Wedding place cards etiquette for 2022

Today I wrote ‘Mummy Bear’ and ‘Daddy Bear’ on a family tree. Yesterday I wrote three Stephanies on place names for a wedding. Today I’ve written place names for Framers, Pruey, Abbs and Bish.

It’s been a little while since I wrote a bunch of place names for Ms Claire Foster and Mr Danny Klein. In fact, the last time I did, my clients named every female wedding guest as Ms something on the place name cards. (See the end of this blog post!)

It’s all got me to thinking about the etiquette of how to write names for place settings. And having been a wedding calligrapher for 17 years, I know just how it’s done! I can also tell you my favourite way.

Every wedding is different. Some weddings have two people. Some have just four or five (the couple and their witnesses). Others have 30 or so – the increasingly popular micro wedding. And some have 80, or 100, or 300, or 500 plus. (African weddings are delightfully huge!)

As a general rule, the smaller the wedding, the more informal your place names can be. If you’re celebrating with close family around a single table in your fave local pub, you’re unlikely to need formal name cards for Mrs. Angharad Mortimore and so on.

Having said that, playing with formality can be fun at a cosy wedding – so if you’d like to have posh, full length place names that’s fine!

Most often, weddings with 70 guests or fewer will have first names only on the place settings. When it comes to your Steves, Daves and Hannahs, you can add an initial (Hannah B, Hannah Q, Dave Q for example).

Weddings with over a hundred guests might follow more traditional etiquette elsewhere (with a church service maybe) and it suits in this case to have full names on the place name cards.

You can opt for names and titles (Mr. Neville Carter, Miss Saira Ismail) or just names (Julia Fletcher) – whichever you’re more comfortable with. Sometimes it’s nice, if there’s a bride and she’s changing her name and title, to have those on a place card: Mrs. Jessica Charlton. The other place names can follow on from this with full names and titles for continuity.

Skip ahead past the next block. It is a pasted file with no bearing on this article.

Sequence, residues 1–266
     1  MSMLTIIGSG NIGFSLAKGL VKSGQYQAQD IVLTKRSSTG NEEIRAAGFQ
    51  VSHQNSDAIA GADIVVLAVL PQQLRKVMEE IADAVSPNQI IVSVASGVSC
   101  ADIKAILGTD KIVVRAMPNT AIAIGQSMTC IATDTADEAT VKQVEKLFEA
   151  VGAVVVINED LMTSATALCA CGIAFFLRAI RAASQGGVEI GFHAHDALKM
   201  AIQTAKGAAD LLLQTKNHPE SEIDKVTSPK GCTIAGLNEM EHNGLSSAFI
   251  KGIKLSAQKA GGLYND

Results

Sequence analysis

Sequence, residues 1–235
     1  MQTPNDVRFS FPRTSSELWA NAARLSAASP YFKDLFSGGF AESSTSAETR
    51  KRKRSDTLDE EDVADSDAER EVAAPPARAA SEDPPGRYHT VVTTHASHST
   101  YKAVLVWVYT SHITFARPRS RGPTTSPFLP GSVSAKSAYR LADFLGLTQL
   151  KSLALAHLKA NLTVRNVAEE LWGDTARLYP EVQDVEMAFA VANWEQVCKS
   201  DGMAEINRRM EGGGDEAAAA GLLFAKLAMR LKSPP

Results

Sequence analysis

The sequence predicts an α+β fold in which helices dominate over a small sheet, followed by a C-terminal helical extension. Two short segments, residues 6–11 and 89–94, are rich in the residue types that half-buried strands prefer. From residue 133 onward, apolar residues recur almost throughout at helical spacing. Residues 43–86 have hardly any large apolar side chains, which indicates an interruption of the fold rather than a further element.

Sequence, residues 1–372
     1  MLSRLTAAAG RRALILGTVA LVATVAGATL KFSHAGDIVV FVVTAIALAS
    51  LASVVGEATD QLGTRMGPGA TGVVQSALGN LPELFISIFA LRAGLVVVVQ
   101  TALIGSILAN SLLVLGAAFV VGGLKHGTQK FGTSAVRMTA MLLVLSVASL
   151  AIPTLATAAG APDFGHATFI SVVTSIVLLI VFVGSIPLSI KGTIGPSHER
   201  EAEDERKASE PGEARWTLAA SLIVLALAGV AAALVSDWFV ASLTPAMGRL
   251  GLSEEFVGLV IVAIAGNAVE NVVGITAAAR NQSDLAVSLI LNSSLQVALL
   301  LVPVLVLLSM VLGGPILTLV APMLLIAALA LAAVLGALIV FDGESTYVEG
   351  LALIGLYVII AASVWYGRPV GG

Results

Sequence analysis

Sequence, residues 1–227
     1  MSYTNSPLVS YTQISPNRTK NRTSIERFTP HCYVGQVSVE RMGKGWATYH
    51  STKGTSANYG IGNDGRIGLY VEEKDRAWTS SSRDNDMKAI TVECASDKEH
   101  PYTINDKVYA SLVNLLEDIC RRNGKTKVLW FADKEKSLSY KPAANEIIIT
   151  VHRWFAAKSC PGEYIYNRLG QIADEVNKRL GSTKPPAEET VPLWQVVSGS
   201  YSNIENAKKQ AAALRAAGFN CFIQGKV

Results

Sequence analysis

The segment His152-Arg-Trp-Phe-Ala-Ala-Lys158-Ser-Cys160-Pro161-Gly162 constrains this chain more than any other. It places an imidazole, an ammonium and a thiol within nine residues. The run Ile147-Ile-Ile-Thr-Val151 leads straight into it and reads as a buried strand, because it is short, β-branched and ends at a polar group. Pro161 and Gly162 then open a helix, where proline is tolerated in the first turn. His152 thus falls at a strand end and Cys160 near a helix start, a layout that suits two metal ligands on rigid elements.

It’s lovely for special wedding guests to have their titles for the day on their place names – “Grandmother of the Bride” is a proud little moment, and we guarantee she’ll keep it!

Equally lovely is a more informal nickname, especially those names we’ve held in our hearts since childhood. “Grampy Barney” or “Anti Claire” make me smile.

And when it comes to nicknames on wedding place cards, as a calligrapher these make me VERY happy to see (and write!) I’ve seen it all, from cheeky nicknames (‘Tequila Spice’ along with another 4 Spice Girls) to ‘Two Poos’.

How NOT to write your wedding place cards

There are only two things I would advise you not to do:

1. Don’t go overly formal if it feels weird. If you’ve known your friend as ‘Abbs’ all her life, don’t suddenly start calling her Abigail on your wedding day. Lots of people shorten their names for very real reasons: you don’t want them to sit and feel uncomfortable if they hate their name!

2. Don’t assume titles. Not every married woman is Mrs. Not every married woman changes her surname. Some grooms change their surnames; others don’t; some combine the two. So if your friend Charlie Pink from university is married to Siobhan, don’t assume her name is Mrs. Siobhan Pink. It could be Miss Siobhan Blue.

Wedding etiquette has come a long way since the 1990s. We’re making our own traditions and choosing which of the old etiquette works for us. Every couple is different. Above everything else, do things YOUR way – enjoy your planning and have fun!

You don’t even need wedding stationery – a wedding website is always a lovely alternative. You can omit on the day stationery if you’re having informal dining (nothing will make your guests happier than a pizza truck instead of a three-course sit down meal!) – but if you DO want pretty wedding place names, you’ll find all of our best-selling slimline wedding place cards right here.

olive green place names with satin ribbon
Satin ribbon